- Add in the vegetable broth, diced tomatoes, diced chiles, lentils, cumin, oregano, bay leaves, salt and pepper. Bring to a boil, reduce heat and simmer until lentils are tender and the veggies are tender, about 30 minutes. Remove from heat, discard the bay leaves, and serve.
- Feel free to adjust and change the recipe to fit with whatever veggies you have kicking around. It’s really hard to mess this one up!
- I almost always try to keep canned diced tomatoes and canned diced green chiles in my pantry. They’re a great addition to soups and casseroles to add flavor.
- We always have big zip-top freezer bags full of diced bell peppers in the freezer from our garden. But even if you don’t have a garden, freezing peppers in the summer (when they are cheap at the store or farmer’s market) is a great way to save some cash on winter and early spring produce—and it means you always have something to put into a veggie soup when your pantry is empty.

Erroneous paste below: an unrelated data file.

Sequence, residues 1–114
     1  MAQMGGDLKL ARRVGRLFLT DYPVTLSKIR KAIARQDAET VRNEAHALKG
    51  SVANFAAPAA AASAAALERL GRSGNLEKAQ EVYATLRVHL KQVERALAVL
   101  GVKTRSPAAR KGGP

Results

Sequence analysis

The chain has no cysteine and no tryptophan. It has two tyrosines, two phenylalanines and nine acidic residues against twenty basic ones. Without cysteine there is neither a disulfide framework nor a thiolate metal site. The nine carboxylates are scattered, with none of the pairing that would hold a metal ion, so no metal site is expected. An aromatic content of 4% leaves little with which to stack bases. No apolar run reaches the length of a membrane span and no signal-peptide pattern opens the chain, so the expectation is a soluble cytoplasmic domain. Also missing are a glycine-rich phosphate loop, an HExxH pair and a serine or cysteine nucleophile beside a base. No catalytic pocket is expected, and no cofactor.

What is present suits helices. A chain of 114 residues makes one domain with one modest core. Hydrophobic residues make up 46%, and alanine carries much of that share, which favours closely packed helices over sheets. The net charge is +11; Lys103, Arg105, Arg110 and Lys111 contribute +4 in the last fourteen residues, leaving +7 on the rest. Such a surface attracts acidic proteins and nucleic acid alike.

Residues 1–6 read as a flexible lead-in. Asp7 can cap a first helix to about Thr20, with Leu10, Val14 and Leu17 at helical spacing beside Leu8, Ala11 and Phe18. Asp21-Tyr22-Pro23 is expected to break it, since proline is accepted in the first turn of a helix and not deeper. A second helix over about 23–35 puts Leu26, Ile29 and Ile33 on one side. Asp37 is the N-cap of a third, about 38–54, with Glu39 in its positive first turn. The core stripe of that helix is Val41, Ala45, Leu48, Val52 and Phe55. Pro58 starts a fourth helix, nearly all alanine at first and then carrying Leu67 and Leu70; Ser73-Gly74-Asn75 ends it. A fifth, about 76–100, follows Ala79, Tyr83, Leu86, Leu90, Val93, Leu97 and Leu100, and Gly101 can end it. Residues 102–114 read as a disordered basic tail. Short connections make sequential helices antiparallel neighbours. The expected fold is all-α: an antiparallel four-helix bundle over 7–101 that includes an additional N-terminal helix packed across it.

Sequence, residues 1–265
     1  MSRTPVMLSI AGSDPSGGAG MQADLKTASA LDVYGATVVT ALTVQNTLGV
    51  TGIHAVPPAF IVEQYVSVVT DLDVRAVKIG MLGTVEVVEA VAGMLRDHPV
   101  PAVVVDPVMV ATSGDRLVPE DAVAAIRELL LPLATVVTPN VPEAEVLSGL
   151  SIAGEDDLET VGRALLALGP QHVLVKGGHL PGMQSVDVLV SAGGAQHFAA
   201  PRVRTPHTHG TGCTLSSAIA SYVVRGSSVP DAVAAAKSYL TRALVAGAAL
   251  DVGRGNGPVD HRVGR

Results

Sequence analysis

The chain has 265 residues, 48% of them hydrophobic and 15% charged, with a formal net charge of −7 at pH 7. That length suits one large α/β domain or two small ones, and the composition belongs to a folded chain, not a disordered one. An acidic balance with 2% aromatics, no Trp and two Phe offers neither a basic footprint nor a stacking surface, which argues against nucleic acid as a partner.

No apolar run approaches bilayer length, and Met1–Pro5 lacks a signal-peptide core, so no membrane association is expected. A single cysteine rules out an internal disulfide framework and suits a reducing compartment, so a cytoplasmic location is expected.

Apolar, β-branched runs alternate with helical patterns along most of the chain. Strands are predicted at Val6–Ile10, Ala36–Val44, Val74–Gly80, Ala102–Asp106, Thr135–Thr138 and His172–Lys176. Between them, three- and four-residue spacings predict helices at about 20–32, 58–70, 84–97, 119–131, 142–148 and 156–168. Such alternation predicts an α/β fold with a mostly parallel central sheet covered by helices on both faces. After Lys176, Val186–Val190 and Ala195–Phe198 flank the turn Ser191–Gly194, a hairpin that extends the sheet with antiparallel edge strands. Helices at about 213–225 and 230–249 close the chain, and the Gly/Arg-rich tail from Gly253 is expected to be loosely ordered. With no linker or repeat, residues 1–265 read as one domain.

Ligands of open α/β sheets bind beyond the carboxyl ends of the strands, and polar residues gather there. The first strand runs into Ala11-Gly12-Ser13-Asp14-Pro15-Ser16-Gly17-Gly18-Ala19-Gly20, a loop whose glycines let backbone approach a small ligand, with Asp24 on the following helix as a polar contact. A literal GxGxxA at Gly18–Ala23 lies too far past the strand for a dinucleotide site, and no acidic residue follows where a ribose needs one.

- If you want a thicker, creamier soup, remove two cups of the soup after cooking, puree until smooth and the stir back into the soup.
What are your go to recipes when the pickins are slim?
For years, I’ve been trying to squeeze dollars and cents out of our grocery budget. I’ve seen all the super saver blogs out there where dedicated couponers feed their families of six for $200 a month (and a lot of them even do it with relatively healthy foods). For the longest time, I beat myself up about not being able to hit a lower total at the end of the month. I tried different challenges and tricks and coupons to hit a lower monthly grocery bill. And while it would work for short term, we always bounced back eventually to our big, hefty grocery budget once our pantry was bare and our palates were bored.